On April 29 NBA player Jason Collins became the first athlete currently active in one of the four major U.S. male sports leagues to reveal that he's gay. Good for him. Collins followed his feelings (at least I assume that he did) and opened up to others about his sexuality. Anytime a person acts instinctively and freely, the results will prove productive. However, what Collins' actions shouldn't do is encourage others to mindlessly follow suit. Coming out of the closet is neither right nor wrong in itself. Like all behaviors and decisions, the state of mind from which a person acts will always determine its effectiveness.
My message about Collins is indeed quite different from what we've heard over the past several weeks. For example, I watched tennis great Martina Navratilova claim that Collins' coming out is destined to help prevent teen suicide because one third of all teen suicides are by gay teens who are afraid to open up. But that's not how it works. Teens, gay or straight, who understand that their feelings come from their own thinking and not from anything else will overcome their insecure thoughts (about anything) and thrive. Those who mistakenly believe that their feelings come from the world outside will fall prey to the attitudes of that world.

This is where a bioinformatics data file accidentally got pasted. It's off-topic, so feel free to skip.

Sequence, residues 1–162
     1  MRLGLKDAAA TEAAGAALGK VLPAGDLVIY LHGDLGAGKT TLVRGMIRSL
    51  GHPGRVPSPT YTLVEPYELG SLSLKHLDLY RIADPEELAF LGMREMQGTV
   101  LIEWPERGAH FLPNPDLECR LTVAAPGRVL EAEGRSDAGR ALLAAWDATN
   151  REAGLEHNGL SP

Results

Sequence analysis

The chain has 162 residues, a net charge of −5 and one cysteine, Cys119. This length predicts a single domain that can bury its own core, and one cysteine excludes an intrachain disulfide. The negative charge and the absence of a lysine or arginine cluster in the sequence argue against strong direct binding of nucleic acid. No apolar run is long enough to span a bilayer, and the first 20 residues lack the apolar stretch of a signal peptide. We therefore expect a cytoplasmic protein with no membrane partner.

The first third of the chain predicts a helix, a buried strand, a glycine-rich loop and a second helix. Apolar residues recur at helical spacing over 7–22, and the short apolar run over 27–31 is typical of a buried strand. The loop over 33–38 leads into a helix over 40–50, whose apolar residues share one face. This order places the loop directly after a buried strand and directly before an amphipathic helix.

What's even more important, I believe, is to point out that Collins is no different from you or me. His troubles, and ours, are created for one reason: He thinks. In spite of our biological characteristics, upbringing or personality, for everyone, thought is the link between happiness and despair. Those who understand that our reality is shaped by the ever-changing nature of our thinking will navigate smoothly through life no matter what thoughts occur to them -- or what they do in private. In fact, to me, the more we talk about what we have in common (every human being is blessed with, and challenged by, the power of thought), as opposed to talking about our conjured-up differences (gay, straight, black, white, foreign, domestic, tall, short, fat, skinny, rich, poor), the more peaceful and giving the world will become.
OK, Jason Collins is a gay pro athlete. And? Being gay doesn't define him or anyone else. Does Collins understand not to believe the thoughts that randomly pop into his head? Does he get that his feelings come from his thinking and not from his sexual orientation? Does he set a resilient example for others (as Jackie Robinson and Martin Luther King did)? At first glance that seems to be the case. If I'm right, then let's look to him as an example of clarity and courage. That's what defines Jason Collins.
Here's what really hit me when I heard the news about Collins' coming out: We're all the same, people; it's time to get our act together. Any differences between us are purely the byproduct of thought -- all made up.